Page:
A Unique Maharashtrian Festival Is Trying To Save Endangered Turtles

A Unique Maharashtrian Festival Is Trying To Save Endangered Turtles
Adventures 365

The human race is notorious for its capacity for destruction. In the millenia we’ve inhabited the Earth we’ve razed a path of death for thousands of indigenous species with urbanisation and unchecked deforestation. India itself has always been a hub for wildlife of all sorts but suffers from the same affliction as the rest of the world. One of the many targets has been the Olive Ridley turtle, native to the Western coast and in particular, Maharashtra. Over the course of time, these native reptiles have come to the brink of extinction due to overfishing but a rise in eco-awareness and sustainability has seen massive efforts to ensure that their situation doesn’t worsen.

One of the most well known and frequented initiatives is the Velas Turtle Festival, held every year on the beaches of Velas village in Ratnagiri. Turtles as amniotes lay eggs in which their young gestate and then hatch, the hatchlings then make their way to the sea to join the rest of their kin. Locals had developed a habit of stealing and eating the eggs but in 2002, NGO Sahyadri Nisarga Mitra (SNM) set up a project to put an end to this practice and give the hatchlings a fighting chance.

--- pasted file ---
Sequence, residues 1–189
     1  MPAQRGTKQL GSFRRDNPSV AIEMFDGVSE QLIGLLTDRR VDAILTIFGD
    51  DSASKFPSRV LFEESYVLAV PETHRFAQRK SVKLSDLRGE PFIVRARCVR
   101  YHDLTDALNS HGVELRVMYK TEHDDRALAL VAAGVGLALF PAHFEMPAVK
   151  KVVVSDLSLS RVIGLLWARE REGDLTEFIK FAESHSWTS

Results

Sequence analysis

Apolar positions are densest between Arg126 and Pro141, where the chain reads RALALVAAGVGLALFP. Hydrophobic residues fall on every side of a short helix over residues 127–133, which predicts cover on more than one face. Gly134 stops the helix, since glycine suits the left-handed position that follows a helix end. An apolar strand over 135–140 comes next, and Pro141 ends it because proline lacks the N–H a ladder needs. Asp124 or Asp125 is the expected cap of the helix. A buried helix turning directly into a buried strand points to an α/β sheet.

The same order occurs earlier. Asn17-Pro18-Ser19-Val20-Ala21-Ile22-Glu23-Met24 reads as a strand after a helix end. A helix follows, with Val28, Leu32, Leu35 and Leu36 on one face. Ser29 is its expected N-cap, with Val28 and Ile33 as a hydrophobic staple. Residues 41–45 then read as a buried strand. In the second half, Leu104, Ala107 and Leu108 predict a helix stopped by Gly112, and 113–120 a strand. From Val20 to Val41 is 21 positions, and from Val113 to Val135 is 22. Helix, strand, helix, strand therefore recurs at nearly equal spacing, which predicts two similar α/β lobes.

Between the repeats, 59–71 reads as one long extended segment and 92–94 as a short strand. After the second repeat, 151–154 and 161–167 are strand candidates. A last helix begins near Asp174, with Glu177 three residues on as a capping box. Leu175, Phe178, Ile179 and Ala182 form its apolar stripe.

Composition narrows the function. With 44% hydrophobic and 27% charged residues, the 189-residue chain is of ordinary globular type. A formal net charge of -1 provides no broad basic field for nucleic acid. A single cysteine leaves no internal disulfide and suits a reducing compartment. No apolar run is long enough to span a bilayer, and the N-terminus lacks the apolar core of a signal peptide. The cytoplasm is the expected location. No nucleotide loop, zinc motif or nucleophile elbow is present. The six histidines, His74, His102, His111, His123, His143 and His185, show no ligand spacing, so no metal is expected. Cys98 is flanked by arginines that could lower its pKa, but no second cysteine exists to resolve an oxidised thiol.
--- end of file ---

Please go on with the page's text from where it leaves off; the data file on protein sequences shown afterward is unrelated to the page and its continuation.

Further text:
In collaboration with the NGO, locals help to collect the eggs from the beach and transfer them to artificial hatcheries where they’re monitored til they hatch. The babies are then released onto the beach twice a day where people are encouraged to visit and watch their determined march towards the Arabian Sea. By turning the process into a tourist opportunity, SNM has managed to raise awareness and funds to support the rehabilitation of these beautiful creatures.

While in the village to view the hatching, we suggest you stay with a local family for a truly authentic experience. A homestay system was set up in place in 2010, with 20-odd families have signing up to host the 3,000 odd visitors that come for the festival. You’ll get to sample traditional Konkan fare and also contribute to the welfare of the village. In between hatchings, take a moment to visit the nearby attractions like the Harihareshwar Temple and the Bankot Fort to round off a visit that’s the new hallmark of Indian eco-tourism.

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